The signature object of Agn賠Varda's glorious year-2000 rumination on scavenging was a heart-shaped potato that the filmmaker salvaged from among dozens of rejects and took triumphantly home to her Paris apartment.
Still heart-shaped but now wizened and sprouting, the little potato becomes a literal and symbolic bridge between Varda's multi-award-winning documentary and its sequel, The Gleaners and I: Two Years Later, also contained on this DVD (out July 23). In these 60 new minutes, Varda revisits some of her street eccentrics and aristocrats, then tracks down a pair of charming originals from the hundreds who sent her Gleaners-inspired drawings and letters. To artists Philippe and Delphine (whose Olive Oyl topknot is held by a pencil), "The film put us back in touch with ourselves—and life."
Most of Varda's homeless gleaners have survived, though some have spiraled surprisingly. After living with 鬡n during a decade of salvaging, the rubber-booted prince of his city has endured neighbor trouble, police trouble, then time in a psychiatric hospital. Unflappable Varda seems shocked: "But you were nice." "Nice isn't enough," he says philosophically. "They want you to be normal, too."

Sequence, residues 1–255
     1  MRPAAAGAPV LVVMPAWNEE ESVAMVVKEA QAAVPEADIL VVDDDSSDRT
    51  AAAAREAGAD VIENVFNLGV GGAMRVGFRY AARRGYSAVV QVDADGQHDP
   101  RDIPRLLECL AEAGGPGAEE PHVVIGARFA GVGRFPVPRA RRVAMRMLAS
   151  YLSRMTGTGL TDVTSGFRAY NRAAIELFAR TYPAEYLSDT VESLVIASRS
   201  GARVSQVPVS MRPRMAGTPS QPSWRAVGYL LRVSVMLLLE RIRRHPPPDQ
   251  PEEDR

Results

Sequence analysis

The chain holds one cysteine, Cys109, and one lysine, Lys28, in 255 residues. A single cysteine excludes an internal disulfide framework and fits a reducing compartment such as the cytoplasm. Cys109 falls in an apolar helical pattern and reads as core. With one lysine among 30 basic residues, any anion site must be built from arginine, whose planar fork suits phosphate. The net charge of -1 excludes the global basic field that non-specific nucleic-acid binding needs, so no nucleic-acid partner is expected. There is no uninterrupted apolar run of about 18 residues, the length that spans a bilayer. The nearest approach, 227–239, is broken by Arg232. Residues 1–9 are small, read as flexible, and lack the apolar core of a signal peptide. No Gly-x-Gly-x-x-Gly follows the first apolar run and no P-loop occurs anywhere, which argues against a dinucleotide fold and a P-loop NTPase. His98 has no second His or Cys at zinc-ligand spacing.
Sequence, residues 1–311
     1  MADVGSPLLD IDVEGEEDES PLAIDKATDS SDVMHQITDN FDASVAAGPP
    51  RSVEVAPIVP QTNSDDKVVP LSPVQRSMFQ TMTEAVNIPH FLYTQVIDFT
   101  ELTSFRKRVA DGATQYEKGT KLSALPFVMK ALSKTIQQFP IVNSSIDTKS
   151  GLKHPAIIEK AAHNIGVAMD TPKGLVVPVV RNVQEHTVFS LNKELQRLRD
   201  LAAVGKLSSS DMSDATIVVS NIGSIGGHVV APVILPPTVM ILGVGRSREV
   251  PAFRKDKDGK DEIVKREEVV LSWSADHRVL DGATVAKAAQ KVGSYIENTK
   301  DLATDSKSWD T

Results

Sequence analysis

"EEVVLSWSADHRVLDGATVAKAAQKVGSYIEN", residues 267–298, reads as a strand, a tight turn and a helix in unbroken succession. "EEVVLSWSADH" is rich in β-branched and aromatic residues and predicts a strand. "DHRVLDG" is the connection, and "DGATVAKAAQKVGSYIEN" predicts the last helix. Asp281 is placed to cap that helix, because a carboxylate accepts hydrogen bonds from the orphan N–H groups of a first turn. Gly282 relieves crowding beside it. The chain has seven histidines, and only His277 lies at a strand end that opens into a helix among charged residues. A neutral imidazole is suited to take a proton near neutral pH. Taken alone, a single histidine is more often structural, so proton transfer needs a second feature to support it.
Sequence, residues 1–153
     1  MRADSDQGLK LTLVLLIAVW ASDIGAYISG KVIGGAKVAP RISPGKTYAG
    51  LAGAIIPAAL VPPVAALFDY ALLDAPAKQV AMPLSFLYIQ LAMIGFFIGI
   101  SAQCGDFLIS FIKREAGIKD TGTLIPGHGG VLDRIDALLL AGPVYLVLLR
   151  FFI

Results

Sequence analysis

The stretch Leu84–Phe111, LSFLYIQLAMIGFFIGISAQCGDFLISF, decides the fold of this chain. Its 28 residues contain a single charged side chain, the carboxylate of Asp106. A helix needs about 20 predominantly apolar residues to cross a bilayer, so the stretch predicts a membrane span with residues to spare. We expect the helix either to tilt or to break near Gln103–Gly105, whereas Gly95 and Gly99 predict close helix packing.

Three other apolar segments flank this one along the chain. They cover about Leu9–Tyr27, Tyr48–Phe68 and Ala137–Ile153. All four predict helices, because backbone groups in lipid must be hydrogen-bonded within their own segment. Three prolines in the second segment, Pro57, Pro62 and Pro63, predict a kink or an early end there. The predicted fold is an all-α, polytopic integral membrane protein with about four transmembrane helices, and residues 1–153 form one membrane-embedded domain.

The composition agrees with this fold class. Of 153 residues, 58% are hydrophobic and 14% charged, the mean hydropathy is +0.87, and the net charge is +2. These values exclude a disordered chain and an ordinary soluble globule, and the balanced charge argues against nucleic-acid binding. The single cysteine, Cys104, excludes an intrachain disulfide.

In Two Years Later, the vintner-psychiatrist realizes that he, too, gleans: "We pay attention to what is dropped!" Finally, even Varda recognizes she has recycled matching shots from Jacquot de Nantes, her deeply affecting 1991 portrait of her husband Jacques Demy's life and decline, and ones from Gleaners of her own age-spotted hands and graying hair under its signature red-brown henna. "Everyone saw that," her daughter says. "Everyone but me," Varda replies. "We don't work in continuity."
Moving from quality to crap, the midsummer video doldrums disgorge Denzel's "Universal health care now!" melodrama John Q (July 18), Britney Spears in Crossroads (July 23), the dismal chopsocky parody Kung Pow: Enter the Fist (July 23), and Guy Pearce in the needless latest remake of The Time Machine (July 23). Better for parents (i.e., children) is the direct-to-video animated sequel Tarzan & Jane (July 23). The 1976 Robin Hood-themed romance Robin and Marian is new to disc July 16, with Sean Connery and Audrey Hepburn in one of her rare late-career performances.